Prison University Project Teaches Creative Writing to Incarcerated Fathers

Graduating students of the Prison University Project (PUP) at San Quentin Prison

Graduating students of the Prison University Project (PUP) at San Quentin Prison

This article on Project Literacy's website on teaching creative writing to incarcerated fathers goes straight to my heart.

Over the past decade, the Prison University Project (PUP), the only college-degree granting prison in California, has taught over 1,000 students. PUP, led by Jody Lewen and located at San Quentin Prison. I was lucky enough to volunteer there as a teacher, and was inspired by the students and the staff.

Much of the rationale for offering a college education to prisoners focuses on recidivism: prisoners with an education are significantly less likely to return. But PUP's Academic Program Director Amy Jamgochian emphasizes that education is also important for the prisoners who are never going to get out. It especially helps incarcerated fathers connect to their families. As Jamgochian says, “They’re able to show their families they were doing something positive; they’re able to be role models as parents and as children."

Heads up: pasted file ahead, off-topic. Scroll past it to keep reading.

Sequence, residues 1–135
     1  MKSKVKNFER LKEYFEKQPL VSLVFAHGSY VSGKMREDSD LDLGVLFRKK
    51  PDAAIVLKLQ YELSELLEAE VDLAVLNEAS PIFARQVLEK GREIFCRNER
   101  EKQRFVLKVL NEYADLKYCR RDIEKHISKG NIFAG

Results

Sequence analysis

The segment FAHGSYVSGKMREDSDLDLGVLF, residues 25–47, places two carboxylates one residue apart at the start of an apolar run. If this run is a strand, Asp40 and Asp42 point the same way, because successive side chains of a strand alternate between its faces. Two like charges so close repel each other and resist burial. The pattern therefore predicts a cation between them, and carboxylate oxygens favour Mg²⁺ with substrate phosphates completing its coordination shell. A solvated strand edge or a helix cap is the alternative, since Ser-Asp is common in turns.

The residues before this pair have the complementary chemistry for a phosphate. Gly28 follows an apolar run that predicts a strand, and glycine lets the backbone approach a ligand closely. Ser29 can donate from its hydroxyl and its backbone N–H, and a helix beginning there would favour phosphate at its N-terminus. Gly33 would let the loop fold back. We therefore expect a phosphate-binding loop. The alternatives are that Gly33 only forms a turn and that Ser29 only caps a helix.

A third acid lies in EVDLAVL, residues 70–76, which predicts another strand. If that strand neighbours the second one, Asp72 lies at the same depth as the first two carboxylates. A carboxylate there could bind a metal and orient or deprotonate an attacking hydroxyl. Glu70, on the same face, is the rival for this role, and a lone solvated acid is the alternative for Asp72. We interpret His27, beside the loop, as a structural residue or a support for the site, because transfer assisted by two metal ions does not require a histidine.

The Key to Literacy: Teaching Kids to Write for Pleasure and Read for Fun

Kids who like writing outside class are seven times more likely to write above the expected level for their age. New research from the National Literacy Trust suggests that, just as educators improve literacy by helping kids read for fun, we can do the same for writing. 

The study was organized by First Story and questioned 39,411 eight to 18-year-olds across the UK.